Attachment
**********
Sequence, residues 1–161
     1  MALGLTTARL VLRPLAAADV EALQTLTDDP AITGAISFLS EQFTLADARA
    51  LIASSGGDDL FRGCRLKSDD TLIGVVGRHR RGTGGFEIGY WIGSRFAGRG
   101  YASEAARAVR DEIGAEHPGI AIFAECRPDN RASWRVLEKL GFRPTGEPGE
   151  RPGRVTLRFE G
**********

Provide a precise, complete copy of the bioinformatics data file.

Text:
Sequence, residues 1–161
     1  MALGLTTARL VLRPLAAADV EALQTLTDDP AITGAISFLS EQFTLADARA
    51  LIASSGGDDL FRGCRLKSDD TLIGVVGRHR RGTGGFEIGY WIGSRFAGRG
   101  YASEAARAVR DEIGAEHPGI AIFAECRPDN RASWRVLEKL GFRPTGEPGE
   151  RPGRVTLRFE G